Thursday, April 4, 2013

Sermon for Maundy Thursday by Bill Fortier

Maundy Thursday
Bill Fortier

Jesus, feed your hungry and hurting sheep, dear shepherd of souls. Amen
So let's start with two stories about hand-me-downs, one from my mother and one from my beloved wife, Barbara.

First story: I'm just about to start the police academy and doing what every unmarried Catholic boy does: I'm living with my mother and father. My mother is so proud of me. This is, for her, the blue collar Irish version of Yale, a patrolman!

My mother is also really proud of herself here: She has made my bedroom look all grown up, painted it. It still had the grotesque crucifix of Jesus with multiple red wounds, all over it, dead center over the headboard, like a scarecrow. The crucifix is placed there to ensure that the only two things I'd ever, ever think about in bed were sleep and an awful death. Thanks mom.
She finally shows the closet, the pinnacle of pride. The closet is completely empty, awaiting all my police gear and paraphernalia, which exists only in both of our imaginations at this point. I look down and notice that a row of cardboard boxes are missing, boxes which hold my whole collection of comic books. I had the first three issues of the Green Hornet, Spider-Man-number-three, several Batman comics from the nineteen forties, all in mint condition. The closet is completely empty all the way down to the bare, terrifying floor.

With a painted smile, I ask my lovely mother, Catherine Mary Francis, where she put the boxes. She tells me, in a very matter of fact and innocent tone, that she threw the dusty old things in the trash. Picture here the cartoons where the hero keeps the painted smile after being hit with a frying pan. My teeth fall out, like chiclets, one-by-one, with a ticklish piano medley in the background. Hand-me-down hell.

Now here's a better story: my wife Babs took meticulous care of my oldest son Joshua's clothes, at each growth stage. Beautifully folded, wrapped, boxed and stored. My beloved Luke, sitting right here tonight, has been the direct beneficiary of these clothes, right down to today. He and they look terrific, hand-me-down love.

So let's look at the second reading tonight, from the eleventh chapter of Paul's First letter to the folks in Corinth. Paul hands down the tradition that has been handed down to him. This ceremony comes from Jesus and passes, student to student, through Paul and the students in Greece, right down to us, tonight in Lexington.

This tradition or custom, which reaches all the way back to Jesus, has morphed and changed, over and over again, like the old game telephone: no two ceremonies look alike and I think this is a very, very cool thing.

Let's touch back into biology peeps, variety is very adaptive. The more ways we have to do something means we'll a much better chance to do stuff in different settings. The more, the better. Our goal is to fit anytime, anywhere. And contradiction, once again, is a very good marker. Contradiction tells us that our tool chest is filled with instruments for every purpose. We want an all-purpose tool chest, an all terrain vehicle. This is another good reason to be an Episcopalian. We're an all-terrain-Jesus-school. Let's stay loud and proud.

And we also have many, many views of what Jesus meant, when he started this table ceremony ages and ages past, and what Jesus means tonight, meeting me and you. This is another good adaptive sign: our theologies of the Eucharist come in every size, shape, feel and color. This gives us a very good chance that someone will be on our theological team in an Episcopal church.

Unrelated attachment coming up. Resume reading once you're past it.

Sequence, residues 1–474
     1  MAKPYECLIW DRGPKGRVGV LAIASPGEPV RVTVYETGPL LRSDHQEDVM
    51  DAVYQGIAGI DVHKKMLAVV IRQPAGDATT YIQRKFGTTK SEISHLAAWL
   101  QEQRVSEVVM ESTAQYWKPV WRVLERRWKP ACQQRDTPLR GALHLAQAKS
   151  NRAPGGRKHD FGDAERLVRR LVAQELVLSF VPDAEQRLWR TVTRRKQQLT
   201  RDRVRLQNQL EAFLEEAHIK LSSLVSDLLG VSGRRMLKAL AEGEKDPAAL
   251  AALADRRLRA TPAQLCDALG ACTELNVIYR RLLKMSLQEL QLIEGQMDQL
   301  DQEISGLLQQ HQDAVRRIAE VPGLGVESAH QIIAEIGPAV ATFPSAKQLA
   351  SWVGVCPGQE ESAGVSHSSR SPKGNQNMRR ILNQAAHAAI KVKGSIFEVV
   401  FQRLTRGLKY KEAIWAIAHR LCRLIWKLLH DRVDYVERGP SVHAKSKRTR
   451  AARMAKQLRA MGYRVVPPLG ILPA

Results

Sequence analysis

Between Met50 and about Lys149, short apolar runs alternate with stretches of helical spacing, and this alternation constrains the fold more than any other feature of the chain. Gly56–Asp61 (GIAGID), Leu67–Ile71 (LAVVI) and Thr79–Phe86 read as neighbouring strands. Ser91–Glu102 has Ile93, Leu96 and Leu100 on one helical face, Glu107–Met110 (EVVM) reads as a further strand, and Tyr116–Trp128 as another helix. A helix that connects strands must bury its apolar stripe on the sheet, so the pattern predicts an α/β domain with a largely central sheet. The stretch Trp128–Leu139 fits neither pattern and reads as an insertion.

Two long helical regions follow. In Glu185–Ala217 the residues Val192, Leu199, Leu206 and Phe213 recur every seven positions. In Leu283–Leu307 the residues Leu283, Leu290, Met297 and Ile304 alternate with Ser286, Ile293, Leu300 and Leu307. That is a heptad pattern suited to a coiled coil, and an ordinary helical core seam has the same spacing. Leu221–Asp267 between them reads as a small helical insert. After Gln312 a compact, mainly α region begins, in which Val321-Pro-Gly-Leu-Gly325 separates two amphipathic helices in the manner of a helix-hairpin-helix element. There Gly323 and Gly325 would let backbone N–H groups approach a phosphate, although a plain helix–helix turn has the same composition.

Even if you change teams over seasons and years, and even of you change your mind every fifteen minutes, you'll have some Episcopal teammate. The Episcopal tent is big and very sturdy, another cause for celebration tonight. So one of the first things I'm celebrating tonight is the Episcopal stewardship of the Eucharist, Jesus' most intimate gift to his followers.

And yes, Jesus' students have been having food fights about the ceremony and it's meaning since forever. Even though Bill Maher, who I find wickedly funny, rolls his eyes here, I don't think this makes us petty, stupid, ridiculous Neanderthals who can barely squeeze our melon heads inside the church doors, while dragging our knuckles along the tiles. Our fights mean we have brains: we dig into our ideas and our customs because that's what human brains do.

So one lesson for us tonight, on the anniversary of the Eucharist, is that it's really good to have a big variety of customs. The second lesson: it's really good to have lots of different ideas.

So tonight we have a twofer: (1) we have a Eucharist, just like very Sunday. (2) we celebrate the bazillionth anniversary of passing along our best ceremonial custom.

So now let's zoom in on Paul in eleventh chapter of First Corinthians once again. Paul tells the story which was told to him: he hands down the tradition which began with Jesus. Remember, Jesus' whole school is falling apart, Judas has stabbed him in the back and he'll get roped up, locked up, beaten up and hanged, in that grand ole Roman fashion. It's a murderous race to the bottom and it's all over, quite unceremoniously before you can say Pax Romana three times fast.

Now just as this car crash is picking up speed, and everyone's cracking under the pressure, Jesus gives his rickety companions a gift: his body, his blood, his last bit of life and his fast approaching death. That's the gift. Wow.

So let's digress for just a second: sometimes I give my springer spaniels, the two buoyant savages who trash my house each day, their periodic medicine; I squish cheese around the pills. I have to pay for these live-in vandals! The vet taught me how to open their jaws and put the pills way in the back of their throats, hold their muzzles tight and then massage their necks until the swallowing reflex does its instinctual thing. I tried gator wrestling a few times but switched to cheese cubes. It's way easier on everyone's nerves. Even when the dogs suspect there's something up with the cheese, they can't resist.

Well Jesus wrapped his medicine up in flour and wine. He gave his students and friends the only stuff he had left: himself. Then Paul adds a very short commentary to the story: we we eat this bread and drink this cup, we announce the death of our Lord, until he comes.

O great. Now we have another set of muddy words to sift through for twenty centuries. So let's announce: here comes dead Jesus! Dead Jesus is in the house! Get your dead Jesus here! Step right up! He-e-e-e-e-re's dead Jesus! With a few sample announcements on the table, let's think into the death of Jesus and the gift of Jesus, dead as Caesar.